Expressing concern about COVID-19, feeling overwhelmed by COVID-19 or experiencing difficulty in getting food or medicines, earning income and receiving routine medical care during the COVID-19 were all significantly associated with fear in the bivariate analysis. Feeling isolated, having a close friend or family member suffering from COVID-19, receiving any financial support during COVID-19, and receiving the information related to COVID-19 were also significantly associated with fear.

Socio-demographic, lifestyle and COVID-19 characteristics of the participants that are deemed to be associated with fear of COVID-19 (Table 1) were included in the full Regression model. The final model was selected based on the lowest AIC and is shown in Table 2. In the adjusted regression model, occupation, living arrangement, dependence on family for living, concern about COVID-19, overwhelmed by COVID-19, difficulty in earning during COVID-19, difficulty in getting medicine during COVID-19, feeling of isolated, close friend and family members suffering from COVID-19 and receiving COVID-19 related information for health workers were significantly associated with fear score (FCV-19S).

Table 2 Factors associated with fear among the participants (N = 1032)

Fear scores were 0.88 units higher among participants who were currently unemployed (β: 0.88, 95% CI: 0.02 to 1.74), and 2.01 units higher who were living alone (β: 2.01, 95% CI: 0.67 to 3.35). Similarly, the fear scores were 2.75 units higher among those who were concerned about COVID-19 (β: 2.75, 95% CI: 1.71 to 3.78), 3.31 units higher who were overwhelmed by COVID-19 (β: 3.31, 95% CI: 2.33 to 4.29), 1.04 units higher who faced difficulty in earning during COVID-19 (β: 1.04, 95% CI: 0.21 to 1.88), and 2.16 units higher among those who had difficulty getting medicine during COVID-19 (β: 2.16, 95% CI: 1.29 to 3.03). The fear scores were 1.44 units higher among the participants whose close friend or family members were diagnosed with COVID-19 (β: 1.44, 95% CI: 0.10 to 2.79) and 0.90 units higher among those who felt isolated during COVID-19 (β: 0.90, 95% CI: 0.12 to 1.68). On the other hand, the fear score was 1.90 units lower among those who were receiving COVID-19 related information from the health workers (β: -1.90, 95% CI: − 3.06 to − 0.73).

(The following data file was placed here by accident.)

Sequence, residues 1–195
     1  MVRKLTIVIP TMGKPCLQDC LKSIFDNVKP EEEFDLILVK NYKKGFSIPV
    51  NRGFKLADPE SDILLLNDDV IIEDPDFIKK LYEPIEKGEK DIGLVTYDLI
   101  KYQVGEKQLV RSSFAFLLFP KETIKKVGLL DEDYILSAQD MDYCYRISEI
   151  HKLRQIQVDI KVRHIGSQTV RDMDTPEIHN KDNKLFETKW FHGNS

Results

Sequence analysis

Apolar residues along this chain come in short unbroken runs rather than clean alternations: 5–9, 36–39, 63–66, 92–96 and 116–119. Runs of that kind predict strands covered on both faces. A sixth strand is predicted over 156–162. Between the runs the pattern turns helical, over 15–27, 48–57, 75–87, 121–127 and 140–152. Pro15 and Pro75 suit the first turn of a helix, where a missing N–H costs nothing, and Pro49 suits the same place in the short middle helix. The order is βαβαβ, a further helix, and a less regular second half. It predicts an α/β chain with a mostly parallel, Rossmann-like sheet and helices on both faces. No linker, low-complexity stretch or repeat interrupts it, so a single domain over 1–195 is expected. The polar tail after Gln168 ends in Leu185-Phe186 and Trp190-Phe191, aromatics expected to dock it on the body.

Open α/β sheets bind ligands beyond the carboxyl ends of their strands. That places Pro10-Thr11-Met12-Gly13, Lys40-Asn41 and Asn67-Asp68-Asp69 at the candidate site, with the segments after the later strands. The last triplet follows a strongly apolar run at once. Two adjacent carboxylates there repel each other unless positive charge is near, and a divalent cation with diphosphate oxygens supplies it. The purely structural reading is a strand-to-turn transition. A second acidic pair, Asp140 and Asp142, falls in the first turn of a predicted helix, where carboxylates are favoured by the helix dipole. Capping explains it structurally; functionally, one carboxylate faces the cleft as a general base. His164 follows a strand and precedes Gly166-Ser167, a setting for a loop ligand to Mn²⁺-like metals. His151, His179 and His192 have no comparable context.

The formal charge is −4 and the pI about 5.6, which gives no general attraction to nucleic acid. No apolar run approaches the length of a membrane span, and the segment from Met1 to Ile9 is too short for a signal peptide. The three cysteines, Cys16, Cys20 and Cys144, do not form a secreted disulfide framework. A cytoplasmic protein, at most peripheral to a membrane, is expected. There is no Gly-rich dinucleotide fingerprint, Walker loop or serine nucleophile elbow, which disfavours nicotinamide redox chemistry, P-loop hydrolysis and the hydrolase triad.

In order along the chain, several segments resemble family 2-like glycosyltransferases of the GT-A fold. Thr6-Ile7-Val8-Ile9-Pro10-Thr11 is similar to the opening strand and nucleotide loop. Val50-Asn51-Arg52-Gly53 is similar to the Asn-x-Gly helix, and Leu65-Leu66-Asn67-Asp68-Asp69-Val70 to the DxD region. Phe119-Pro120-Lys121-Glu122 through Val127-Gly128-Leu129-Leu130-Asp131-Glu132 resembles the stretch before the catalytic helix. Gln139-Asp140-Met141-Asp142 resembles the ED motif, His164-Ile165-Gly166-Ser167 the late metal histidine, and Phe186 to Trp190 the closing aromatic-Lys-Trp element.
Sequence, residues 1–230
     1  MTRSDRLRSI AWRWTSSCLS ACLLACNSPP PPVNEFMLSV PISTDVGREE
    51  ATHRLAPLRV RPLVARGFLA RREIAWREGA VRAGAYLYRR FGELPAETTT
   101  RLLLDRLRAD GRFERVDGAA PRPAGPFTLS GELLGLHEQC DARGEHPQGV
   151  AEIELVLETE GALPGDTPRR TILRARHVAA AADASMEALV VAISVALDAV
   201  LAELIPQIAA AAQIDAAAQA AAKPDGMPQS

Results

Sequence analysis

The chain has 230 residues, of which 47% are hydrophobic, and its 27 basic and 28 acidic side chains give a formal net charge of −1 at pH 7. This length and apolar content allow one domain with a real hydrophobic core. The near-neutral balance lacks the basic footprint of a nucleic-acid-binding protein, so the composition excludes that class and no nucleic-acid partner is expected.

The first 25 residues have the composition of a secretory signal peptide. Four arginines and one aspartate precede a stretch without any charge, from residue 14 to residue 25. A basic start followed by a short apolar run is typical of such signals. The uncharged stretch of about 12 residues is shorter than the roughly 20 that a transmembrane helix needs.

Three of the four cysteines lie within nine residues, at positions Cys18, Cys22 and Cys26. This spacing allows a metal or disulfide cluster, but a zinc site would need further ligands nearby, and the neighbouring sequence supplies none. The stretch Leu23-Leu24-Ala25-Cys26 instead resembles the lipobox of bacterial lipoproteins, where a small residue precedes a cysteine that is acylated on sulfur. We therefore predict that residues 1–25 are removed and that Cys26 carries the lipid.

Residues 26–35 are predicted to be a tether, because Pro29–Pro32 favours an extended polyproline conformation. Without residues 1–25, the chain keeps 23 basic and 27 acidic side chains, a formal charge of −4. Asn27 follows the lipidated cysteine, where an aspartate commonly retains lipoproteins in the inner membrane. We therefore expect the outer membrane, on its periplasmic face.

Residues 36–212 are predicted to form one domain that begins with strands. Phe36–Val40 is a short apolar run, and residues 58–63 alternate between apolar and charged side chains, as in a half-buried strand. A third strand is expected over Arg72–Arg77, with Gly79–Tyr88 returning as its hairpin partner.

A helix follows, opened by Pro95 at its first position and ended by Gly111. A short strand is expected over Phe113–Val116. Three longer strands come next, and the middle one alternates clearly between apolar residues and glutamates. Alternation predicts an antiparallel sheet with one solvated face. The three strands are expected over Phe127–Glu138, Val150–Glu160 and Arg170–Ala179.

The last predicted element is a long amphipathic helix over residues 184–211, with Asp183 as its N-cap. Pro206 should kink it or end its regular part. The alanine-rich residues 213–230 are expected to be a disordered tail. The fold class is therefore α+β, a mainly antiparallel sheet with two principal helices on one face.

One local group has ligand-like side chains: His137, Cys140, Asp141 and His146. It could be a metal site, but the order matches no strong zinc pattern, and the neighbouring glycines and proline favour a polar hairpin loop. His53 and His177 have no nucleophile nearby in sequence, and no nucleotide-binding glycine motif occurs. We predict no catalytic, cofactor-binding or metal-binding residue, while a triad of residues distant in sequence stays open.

The present study assessed the perceived fear of COVID-19 and its associates among Bangladeshi older adults. The findings of the study indicate that the COVID-19 pandemic created significant fear among the older population with a mean fear score of 19.4 on a seven-item fear scale (fear score ranged between 7 and 35). We also found a variation in participants’ agreement on the seven items of the COVID-19 fear scale, which might have resulted from different levels of perceived emotional responses to the phenomenology of the pandemic, such as cease and desist warnings, unending uncertainty, and concern over physiological symptoms [22, 23].